It can take up to 2 years after stopping anabolic steroids for your sperm to be healthy again.


Avoid all recreational drugs like cocaine, heroin, ecstasy, and marijuana as these can affect your fertility or sexual function.


Some common chemicals and substances, both at work and in daily life, can affect your sperm. These include:

  • pesticides
  • heavy metals
  • some chemicals and plastics
  • radiation

Try to limit your exposure to these and wear protective clothing if you are trying for a baby.

Endocrine disrupting chemicals (EDCs) are all around us. Some are found in plastic products and can leach into your food or be absorbed through your skin. One of most well-known of these is BPA — often found in soft plastics. Some EDCs are used as preservatives in foods and personal care products.

EDCs interfere with your body and can:

  • lead to changes in your hormones
  • lower your sperm count
  • damage the DNA in your sperm
  • increase the chance of a miscarriage

It's impossible to completely avoid EDCs but there are some things you can do to lower your exposure to them:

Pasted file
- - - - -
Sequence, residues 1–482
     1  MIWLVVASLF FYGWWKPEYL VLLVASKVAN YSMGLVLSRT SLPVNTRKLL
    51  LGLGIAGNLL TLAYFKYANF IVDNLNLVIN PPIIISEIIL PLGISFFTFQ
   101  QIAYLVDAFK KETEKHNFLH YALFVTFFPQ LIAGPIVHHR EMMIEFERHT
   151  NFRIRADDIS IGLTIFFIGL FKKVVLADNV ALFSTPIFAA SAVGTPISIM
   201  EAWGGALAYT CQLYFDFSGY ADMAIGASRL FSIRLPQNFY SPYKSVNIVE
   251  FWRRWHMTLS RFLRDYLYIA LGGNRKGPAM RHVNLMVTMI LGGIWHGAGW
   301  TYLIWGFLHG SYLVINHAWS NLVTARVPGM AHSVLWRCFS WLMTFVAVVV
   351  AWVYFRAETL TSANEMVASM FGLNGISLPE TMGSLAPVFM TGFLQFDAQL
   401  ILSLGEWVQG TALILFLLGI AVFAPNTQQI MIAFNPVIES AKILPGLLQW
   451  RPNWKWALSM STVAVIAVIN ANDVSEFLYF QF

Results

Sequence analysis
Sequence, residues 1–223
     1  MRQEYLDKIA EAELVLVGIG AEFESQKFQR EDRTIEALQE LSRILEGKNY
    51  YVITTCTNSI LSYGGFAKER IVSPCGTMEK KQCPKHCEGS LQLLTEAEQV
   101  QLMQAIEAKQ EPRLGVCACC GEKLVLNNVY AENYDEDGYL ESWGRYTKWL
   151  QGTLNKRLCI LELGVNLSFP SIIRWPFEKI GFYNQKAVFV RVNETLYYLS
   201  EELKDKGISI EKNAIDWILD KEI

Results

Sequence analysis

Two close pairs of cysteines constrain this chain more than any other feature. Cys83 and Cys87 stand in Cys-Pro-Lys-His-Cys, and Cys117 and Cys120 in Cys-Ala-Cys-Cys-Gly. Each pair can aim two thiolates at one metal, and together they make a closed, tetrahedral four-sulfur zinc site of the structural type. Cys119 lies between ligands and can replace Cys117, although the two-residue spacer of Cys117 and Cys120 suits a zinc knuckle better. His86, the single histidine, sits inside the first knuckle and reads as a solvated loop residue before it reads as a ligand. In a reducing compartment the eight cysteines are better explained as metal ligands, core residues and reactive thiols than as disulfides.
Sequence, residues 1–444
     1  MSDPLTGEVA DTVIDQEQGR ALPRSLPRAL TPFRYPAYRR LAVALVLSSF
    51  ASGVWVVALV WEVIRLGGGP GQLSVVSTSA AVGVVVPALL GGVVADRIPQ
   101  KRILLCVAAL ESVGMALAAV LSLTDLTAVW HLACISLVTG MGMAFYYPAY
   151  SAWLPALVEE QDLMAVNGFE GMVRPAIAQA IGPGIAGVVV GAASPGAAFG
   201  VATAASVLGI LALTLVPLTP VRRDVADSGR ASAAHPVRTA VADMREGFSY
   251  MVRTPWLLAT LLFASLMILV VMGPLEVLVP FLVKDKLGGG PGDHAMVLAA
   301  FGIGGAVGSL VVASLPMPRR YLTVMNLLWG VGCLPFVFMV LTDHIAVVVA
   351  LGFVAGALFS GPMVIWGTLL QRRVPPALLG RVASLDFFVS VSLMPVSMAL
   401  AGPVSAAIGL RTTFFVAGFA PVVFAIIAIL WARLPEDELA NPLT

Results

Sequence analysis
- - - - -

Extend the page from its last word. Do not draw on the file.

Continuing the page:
House and garden

  • open windows to bring fresh air into your home
  • try to replace detergents, cleaning products, and carpet cleaners or strong chemicals like glues, paints, and varnishes with 'green products' which contain non-toxic agents
  • avoid air fresheners, strong chemicals, plastic smells and fumes
  • avoid pesticides and herbicides in the garden try using 'green chemicals' to reduce pests and weeds


  • read the labels on cosmetics and choose products that don't have parabens
  • try to avoid using heavily perfumed products
  • some products that are advertised as 'BPA free' are often replaced with chemicals such as BPS which can be just as harmful as BPA


  • wash fruit and vegetables to remove chemicals that may have been sprayed on them
  • read food labels and avoid those with additives and preservatives
  • eat fewer canned and pre-packaged foods to avoid chemicals from plastic wrapping and the plastic linings of cans
  • limit the amount of oily fish (salmon, tuna, sardines) and fatty meats you eat
  • try not to use soft plastic drink bottles as the chemicals can get into your drinks
  • heat food in a china or glass bowl and cover it with paper towel or a plate

Resources and support

Your Fertility has information about male and female fertility, and Healthy Male has information on men's health and fertility.

To find out more about preconception health for women visit the Pregnancy, Birth and Baby webpage.

Speak to a maternal child health nurse

Call Pregnancy, Birth and Baby to speak to a maternal child health nurse on 1800 882 436 or video call. Available 7am to midnight (AET), 7 days a week.

Learn more here about the development and quality assurance of healthdirect content.

Last reviewed: June 2023

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Call us and speak to a Maternal Child Health Nurse for personal advice and guidance.